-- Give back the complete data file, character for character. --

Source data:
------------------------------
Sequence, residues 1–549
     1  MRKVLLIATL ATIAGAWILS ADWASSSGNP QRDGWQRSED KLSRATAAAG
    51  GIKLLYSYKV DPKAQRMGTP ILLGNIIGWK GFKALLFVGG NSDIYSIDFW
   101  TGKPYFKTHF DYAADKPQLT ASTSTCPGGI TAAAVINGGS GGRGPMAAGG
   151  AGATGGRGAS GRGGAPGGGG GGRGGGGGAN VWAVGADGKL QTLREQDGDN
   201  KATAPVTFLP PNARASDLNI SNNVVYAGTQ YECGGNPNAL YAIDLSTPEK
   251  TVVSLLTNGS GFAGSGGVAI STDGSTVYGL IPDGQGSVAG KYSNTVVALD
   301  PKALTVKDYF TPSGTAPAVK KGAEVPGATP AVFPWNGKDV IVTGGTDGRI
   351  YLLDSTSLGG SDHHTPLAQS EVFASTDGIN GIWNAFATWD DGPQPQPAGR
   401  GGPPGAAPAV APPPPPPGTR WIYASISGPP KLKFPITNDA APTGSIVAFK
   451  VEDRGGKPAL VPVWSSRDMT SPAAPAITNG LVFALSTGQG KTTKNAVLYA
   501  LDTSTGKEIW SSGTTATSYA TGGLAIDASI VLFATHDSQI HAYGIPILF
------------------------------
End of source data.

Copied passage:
Sequence, residues 1–549
     1  MRKVLLIATL ATIAGAWILS ADWASSSGNP QRDGWQRSED KLSRATAAAG
    51  GIKLLYSYKV DPKAQRMGTP ILLGNIIGWK GFKALLFVGG NSDIYSIDFW
   101  TGKPYFKTHF DYAADKPQLT ASTSTCPGGI TAAAVINGGS GGRGPMAAGG
   151  AGATGGRGAS GRGGAPGGGG GGRGGGGGAN VWAVGADGKL QTLREQDGDN
   201  KATAPVTFLP PNARASDLNI SNNVVYAGTQ YECGGNPNAL YAIDLSTPEK
   251  TVVSLLTNGS GFAGSGGVAI STDGSTVYGL IPDGQGSVAG KYSNTVVALD
   301  PKALTVKDYF TPSGTAPAVK KGAEVPGATP AVFPWNGKDV IVTGGTDGRI
   351  YLLDSTSLGG SDHHTPLAQS EVFASTDGIN GIWNAFATWD DGPQPQPAGR
   401  GGPPGAAPAV APPPPPPGTR WIYASISGPP KLKFPITNDA APTGSIVAFK
   451  VEDRGGKPAL VPVWSSRDMT SPAAPAITNG LVFALSTGQG KTTKNAVLYA
   501  LDTSTGKEIW SSGTTATSYA TGGLAIDASI VLFATHDSQI HAYGIPILF